Performance review: Jurrungu Ngan-Ga (Straight Talk), State Theatre Centre of WA

A dance performance that takes us into the brutality of prisons and detention centres.

Jurrungu Ngan-Ga is a theatrical dance production that tells stories of Indigenous and migrant incarceration. Using visceral choreography and performances, the work highlights the plight of people sequestered at the intersections of incarceration and racialised marginalisation. This is a defiant work replete with confronting “straight talk” about racism, and features a highly diverse and talented cast of performers. Each performance in the show is uniquely evocative and moving. The choreography and dramaturgy intensely channel repressed rage and the music and dialogue bring a powerful rhythmic cadence to the stories being told. 

This production is distinguished by its inventive and effective set design, lighting and camerawork. A row of demountable lattice frames forms the main backdrop. These frames represent prison walls and hide inner chambers where captivity is taken to its extreme limits.

While dancers perform at the front of the stage, we see silhouettes in the background depicting recognisable scenes of physical restraint and captivity. The recreation of infamous imagery from the news provokes an emotional response in the audience; the immediate recognition of the tableau has the effect of jolting viewers out of their reverie and forcing them to think about the real-life stories at the heart of the performance.

This contrasts with the use of chandeliers that descend from the ceiling and create a luminous and fantastical effect that takes the choreography in a more ethereal direction. The work straddles both registers confidently. 

The use of cameras and perspectives to recreate the panopticon effect of a prison yard is astonishingly innovative and astute. The cameras and projection show the performers from the perspective of a typical surveillance camera and thus create and augment an unusual and immersive multidimensional experience for the audience. The choreography and directing strategically deploy this additional layer of performativity, with performers turning around to bring a confrontational style using defiant gestures, facial expressions and words for the surveillance camera.

What we witness is the anguished and angry protest of the incarcerated. There is a scene depicting the ravaging and stripping of an inmate who is pinned to the floor. After being subjected to this violence, the dancer turns around to look straight at the surveillance camera – anguished, crestfallen, defeated and yet still defiant. This is a moment of tremendous poignancy. The production would not have been the same without this powerful evocation of the panopticon effect and it redounds to the set and lighting designers’ credit. 

There are a few transitions in the register of the performance that require the audience to mentally shift gears, but these diversify the narrative in a way that may not have been possible otherwise. The work may be described as a melding of genres and styles. As a deliberately intercultural and polyphonic work, it draws on dance, performance styles and rhythms that span the spectrum of the performing arts, from traditional Aboriginal dance to modern house and vogue.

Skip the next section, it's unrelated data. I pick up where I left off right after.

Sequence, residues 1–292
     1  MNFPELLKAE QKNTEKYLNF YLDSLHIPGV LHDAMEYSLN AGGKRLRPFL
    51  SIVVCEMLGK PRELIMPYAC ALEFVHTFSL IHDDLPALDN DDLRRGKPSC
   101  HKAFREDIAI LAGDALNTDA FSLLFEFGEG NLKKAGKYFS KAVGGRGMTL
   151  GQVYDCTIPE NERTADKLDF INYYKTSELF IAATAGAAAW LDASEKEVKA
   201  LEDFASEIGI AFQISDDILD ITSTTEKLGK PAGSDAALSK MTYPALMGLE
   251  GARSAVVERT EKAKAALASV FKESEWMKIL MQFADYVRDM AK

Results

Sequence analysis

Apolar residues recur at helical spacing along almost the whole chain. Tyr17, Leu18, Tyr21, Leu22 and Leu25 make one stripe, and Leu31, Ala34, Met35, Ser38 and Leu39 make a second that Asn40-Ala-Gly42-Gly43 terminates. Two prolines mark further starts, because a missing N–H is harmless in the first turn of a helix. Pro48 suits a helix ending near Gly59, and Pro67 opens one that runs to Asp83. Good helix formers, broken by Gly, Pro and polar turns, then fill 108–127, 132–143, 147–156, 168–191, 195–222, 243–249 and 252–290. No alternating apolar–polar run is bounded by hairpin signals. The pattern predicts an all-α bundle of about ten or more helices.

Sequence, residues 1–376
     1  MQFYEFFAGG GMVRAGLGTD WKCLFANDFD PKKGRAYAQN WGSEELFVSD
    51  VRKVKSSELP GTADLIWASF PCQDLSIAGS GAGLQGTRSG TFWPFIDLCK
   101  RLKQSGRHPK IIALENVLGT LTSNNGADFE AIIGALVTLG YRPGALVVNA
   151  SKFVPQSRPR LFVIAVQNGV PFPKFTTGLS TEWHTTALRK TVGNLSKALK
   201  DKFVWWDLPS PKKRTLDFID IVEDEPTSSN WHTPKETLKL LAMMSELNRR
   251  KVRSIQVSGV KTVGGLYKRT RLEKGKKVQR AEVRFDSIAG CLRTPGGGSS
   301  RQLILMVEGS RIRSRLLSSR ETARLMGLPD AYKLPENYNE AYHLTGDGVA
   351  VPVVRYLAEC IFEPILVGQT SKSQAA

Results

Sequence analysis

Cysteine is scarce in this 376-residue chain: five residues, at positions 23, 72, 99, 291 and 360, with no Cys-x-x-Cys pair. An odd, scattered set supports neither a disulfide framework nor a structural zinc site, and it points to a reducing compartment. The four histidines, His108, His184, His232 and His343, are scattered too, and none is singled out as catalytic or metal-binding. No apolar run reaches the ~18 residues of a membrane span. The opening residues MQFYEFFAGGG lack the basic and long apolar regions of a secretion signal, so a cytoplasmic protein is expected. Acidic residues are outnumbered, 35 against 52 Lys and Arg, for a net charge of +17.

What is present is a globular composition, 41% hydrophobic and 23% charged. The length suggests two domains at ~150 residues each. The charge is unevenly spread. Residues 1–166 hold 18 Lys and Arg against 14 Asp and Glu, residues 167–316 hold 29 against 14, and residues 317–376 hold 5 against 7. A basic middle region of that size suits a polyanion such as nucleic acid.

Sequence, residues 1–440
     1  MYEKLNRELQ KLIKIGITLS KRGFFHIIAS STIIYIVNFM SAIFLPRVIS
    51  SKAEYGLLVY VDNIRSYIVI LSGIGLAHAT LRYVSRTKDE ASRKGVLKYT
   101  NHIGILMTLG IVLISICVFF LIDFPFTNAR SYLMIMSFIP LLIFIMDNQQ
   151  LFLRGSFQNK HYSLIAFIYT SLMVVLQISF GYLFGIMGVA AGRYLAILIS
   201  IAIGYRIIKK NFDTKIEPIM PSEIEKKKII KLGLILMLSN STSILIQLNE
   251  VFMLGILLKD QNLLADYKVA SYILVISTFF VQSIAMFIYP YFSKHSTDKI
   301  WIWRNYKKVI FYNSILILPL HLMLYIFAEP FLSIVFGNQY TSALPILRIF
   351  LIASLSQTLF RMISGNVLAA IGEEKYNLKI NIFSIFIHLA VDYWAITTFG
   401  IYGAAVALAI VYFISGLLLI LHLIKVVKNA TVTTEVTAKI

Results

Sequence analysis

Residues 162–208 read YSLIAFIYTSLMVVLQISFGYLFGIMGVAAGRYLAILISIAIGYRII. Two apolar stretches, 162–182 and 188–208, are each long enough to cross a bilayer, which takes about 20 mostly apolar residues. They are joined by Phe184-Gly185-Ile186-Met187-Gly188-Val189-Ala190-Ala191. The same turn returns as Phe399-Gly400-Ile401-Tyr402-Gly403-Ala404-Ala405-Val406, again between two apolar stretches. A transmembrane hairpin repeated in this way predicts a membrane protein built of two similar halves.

Having faced pandemic-related delays, this production has now toured the country and overseas, and is currently being performed in Perth. WA has a special role in its conception, with creators Dalisa Pigram and Rachael Swain having collaborated with Yawuru elder Patrick Dodson to develop the concept.

Read: Music review: Britten’s War Requiem, QPAC, Brisbane Festival

At the opening night at the State Theatre Centre of WA, the leaders of both Marrugeku and Black Swan Theatre Company spoke evocatively of the team’s creative journey. The powerful artistic collaborations that underpin Marrugeku’s work and the extraordinary interweaving of Indigenous and migrant stories mark Jurrungu Ngan-Ga as a unique artistic achievement. 

Jurrungu Ngan-Ga (Straight Talk)
Created by Marrugeku
Black Swan State Theatre Company of WA
Concept: Dalisa Pigram and Rachael Swain with Patrick Dodson
Choreography: Dalisa Pigram with the performers
Direction: Rachael Swain
Performance dramaturgy: Hildegard de Vuyst
Cultural dramaturgy: Behrouz Boochani, Patrick Dodson, Omid Tofighian

Music: Sam Serruys, Paul Charlier and Rhyan Clapham (aka DOBBY)
Lyrics: Beni (Bjah) Hasler
Sound design: Sam Serruys and Paul Charlier
Set design: Abdul-Rahman Abdullah

Costume design: Andrew Treloar
Lighting design: Damien Cooper
Additional choreography: Krump Army: Stacy Peke aka Red Ladybrui5er

Performers: Czack (Ses) Bero, Emmanuel James Brown, Chandler Connell, Luke Currie-Richardson, Issa el Assaad, Zachary Lopez (previous), Macon Escobal Riley (present), Bhenji Ra, Feras Shaheen and Miranda Wheen

Tickets: $24-$95

Jurrungu Ngan-Ga (Straight Talk) will be performed until 23 September 2023.

Arjun Rajkhowa lives in Perth and enjoys writing about local arts and culture.